Let's all hope that COP26 won't be 'Cop-out21' for agriculture.

It's a bit ironic that as one of the industries that has been singled out for its contribution to greenhouse gas emissions, it is expected to be little more than a side-show at this important event. We can only wish that our our politicians that understand farming and the lobbyists that support it, can raise their voices sufficiently above the babble of eco-sycophants and the screaming of high on super-glue activists to get it across that farming wants to be part of the solution and not seen as a devil in a tractor causing it.

We have much to offer and contribute. Not the least of which is to re-start a grown-up discussion about the balance between tree planting and food production. It cannot be right for huge environmental polluters, such as airlines, to buy their 'carbon credits' simply by purchasing swathes of Scottish acres to assuage their eco-conscience by off-setting their huge environmental contribution to greenhouse gases in mono-culture.

Blanket singular intensity with the likes of soft-wood conifers, does nothing for the environment and bio-diversity. Mixed with agriculture, as a so-called agro-forestry initiative, then there is a possible synergy that might redress the balance. While farming must embrace the principle of agro-forestry, it should only be exhorted to do so by a sensible 'plan' from Government about micro-managing each project to get the most out of the twin aims of providing food and sequestering carbon. This is not about trees versus livestock, it's all about common sense and the ability of this nation's limited acres to achieve balance.

Read more: Scottish Ag leaders raise farming's needs ahead of COP26

But that balance, if policy is wrongly apportioned, could impact disproportionately on food production without which, let's face it, the world faces an even more precarious existence than with climate change. The very fact that should we 'export' our food industry abroad, it will make the balance further out of kilter in the likes of the Amazonian rain forest, which is already under threat from ambitious farming agri-businesses with little regard for the effect their tree-felling has. It is not called 'the lungs of the world' for nothing.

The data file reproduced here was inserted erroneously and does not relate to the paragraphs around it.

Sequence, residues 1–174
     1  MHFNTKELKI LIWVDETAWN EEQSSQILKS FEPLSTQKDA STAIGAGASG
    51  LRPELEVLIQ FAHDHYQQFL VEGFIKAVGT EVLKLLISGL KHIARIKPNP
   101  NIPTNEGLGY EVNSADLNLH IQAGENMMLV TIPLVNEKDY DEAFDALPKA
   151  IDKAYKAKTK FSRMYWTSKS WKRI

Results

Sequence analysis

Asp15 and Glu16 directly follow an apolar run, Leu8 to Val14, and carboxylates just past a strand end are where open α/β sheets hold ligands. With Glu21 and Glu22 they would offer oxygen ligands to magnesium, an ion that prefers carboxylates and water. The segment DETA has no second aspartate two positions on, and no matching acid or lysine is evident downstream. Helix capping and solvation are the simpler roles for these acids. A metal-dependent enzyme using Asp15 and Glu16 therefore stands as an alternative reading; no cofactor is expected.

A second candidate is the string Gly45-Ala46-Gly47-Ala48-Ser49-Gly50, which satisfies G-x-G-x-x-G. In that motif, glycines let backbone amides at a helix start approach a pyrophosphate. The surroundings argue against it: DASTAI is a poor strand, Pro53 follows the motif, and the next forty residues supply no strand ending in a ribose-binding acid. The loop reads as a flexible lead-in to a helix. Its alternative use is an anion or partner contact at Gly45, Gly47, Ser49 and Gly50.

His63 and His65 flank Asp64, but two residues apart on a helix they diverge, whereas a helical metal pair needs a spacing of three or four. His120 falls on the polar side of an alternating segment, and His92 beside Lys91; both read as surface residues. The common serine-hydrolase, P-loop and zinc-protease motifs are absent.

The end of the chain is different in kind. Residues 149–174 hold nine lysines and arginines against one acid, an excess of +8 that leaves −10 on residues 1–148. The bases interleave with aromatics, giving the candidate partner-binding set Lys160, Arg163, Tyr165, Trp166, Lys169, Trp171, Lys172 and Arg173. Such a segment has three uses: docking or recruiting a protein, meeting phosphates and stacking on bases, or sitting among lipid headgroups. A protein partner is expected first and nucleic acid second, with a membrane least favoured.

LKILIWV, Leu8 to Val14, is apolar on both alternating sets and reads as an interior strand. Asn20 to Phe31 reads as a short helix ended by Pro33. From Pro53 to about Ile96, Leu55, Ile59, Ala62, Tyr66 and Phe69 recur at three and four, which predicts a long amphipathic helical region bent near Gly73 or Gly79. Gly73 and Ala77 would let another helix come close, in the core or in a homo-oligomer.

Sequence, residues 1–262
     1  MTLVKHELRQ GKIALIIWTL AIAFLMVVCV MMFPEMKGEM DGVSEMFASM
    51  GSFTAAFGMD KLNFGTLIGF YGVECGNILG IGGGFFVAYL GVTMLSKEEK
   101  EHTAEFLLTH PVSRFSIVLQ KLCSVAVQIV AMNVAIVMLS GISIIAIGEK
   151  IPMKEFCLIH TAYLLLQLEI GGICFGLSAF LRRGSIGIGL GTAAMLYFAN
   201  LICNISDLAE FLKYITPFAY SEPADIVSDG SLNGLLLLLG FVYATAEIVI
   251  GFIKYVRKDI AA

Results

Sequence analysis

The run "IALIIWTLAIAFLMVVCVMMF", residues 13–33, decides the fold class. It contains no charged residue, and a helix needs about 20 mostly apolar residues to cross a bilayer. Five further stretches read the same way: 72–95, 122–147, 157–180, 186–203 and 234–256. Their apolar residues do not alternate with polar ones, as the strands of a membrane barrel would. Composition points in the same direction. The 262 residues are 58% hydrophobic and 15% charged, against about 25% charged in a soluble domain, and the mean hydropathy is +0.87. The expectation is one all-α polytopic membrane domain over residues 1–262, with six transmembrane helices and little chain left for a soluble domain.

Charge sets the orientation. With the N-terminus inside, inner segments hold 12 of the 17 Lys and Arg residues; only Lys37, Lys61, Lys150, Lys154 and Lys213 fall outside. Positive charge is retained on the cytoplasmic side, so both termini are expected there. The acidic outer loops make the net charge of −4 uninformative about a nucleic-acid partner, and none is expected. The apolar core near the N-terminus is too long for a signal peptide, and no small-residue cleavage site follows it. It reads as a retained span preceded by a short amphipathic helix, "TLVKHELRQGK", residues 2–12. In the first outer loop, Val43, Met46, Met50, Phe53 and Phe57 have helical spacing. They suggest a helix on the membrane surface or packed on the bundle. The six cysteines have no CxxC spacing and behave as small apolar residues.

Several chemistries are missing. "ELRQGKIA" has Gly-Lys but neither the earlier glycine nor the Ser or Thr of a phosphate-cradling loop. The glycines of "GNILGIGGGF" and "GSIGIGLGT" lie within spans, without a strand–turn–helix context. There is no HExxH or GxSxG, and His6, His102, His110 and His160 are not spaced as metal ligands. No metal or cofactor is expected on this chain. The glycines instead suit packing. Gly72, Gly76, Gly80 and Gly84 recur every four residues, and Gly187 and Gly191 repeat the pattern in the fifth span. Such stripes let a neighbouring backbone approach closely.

Inside this week's issue, we carry the wants and aspirations of a wide range of organisations and almost to a body, they are much the same. All want the spring balance to err on the side of food production, especially given that this country is actually quite good at doing what it does and that, given the right springboard, it could meet the stringent targets set for it.

But all of them also wish that their views were listened to. It has become patently obvious given the BBC and other media-led anti-farming propaganda, that there are those out there who would like to shape the climate change agenda for an industry that they know little about.

So, our heartfelt plea for COP26 and the major concerns that it should be addressing, is to listen to those that are willing to play a major role in addressing the very real issue of climate change. Their voice must be heard.